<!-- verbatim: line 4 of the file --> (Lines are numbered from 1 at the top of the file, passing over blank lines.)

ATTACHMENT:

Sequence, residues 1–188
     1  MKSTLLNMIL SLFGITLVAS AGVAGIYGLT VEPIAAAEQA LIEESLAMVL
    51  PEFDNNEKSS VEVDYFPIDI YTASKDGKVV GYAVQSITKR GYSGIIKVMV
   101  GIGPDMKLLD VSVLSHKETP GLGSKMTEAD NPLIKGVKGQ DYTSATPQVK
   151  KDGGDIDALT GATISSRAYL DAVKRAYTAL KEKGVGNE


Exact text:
   101  GIGPDMKLLD VSVLSHKETP GLGSKMTEAD NPLIKGVKGQ DYTSATPQVK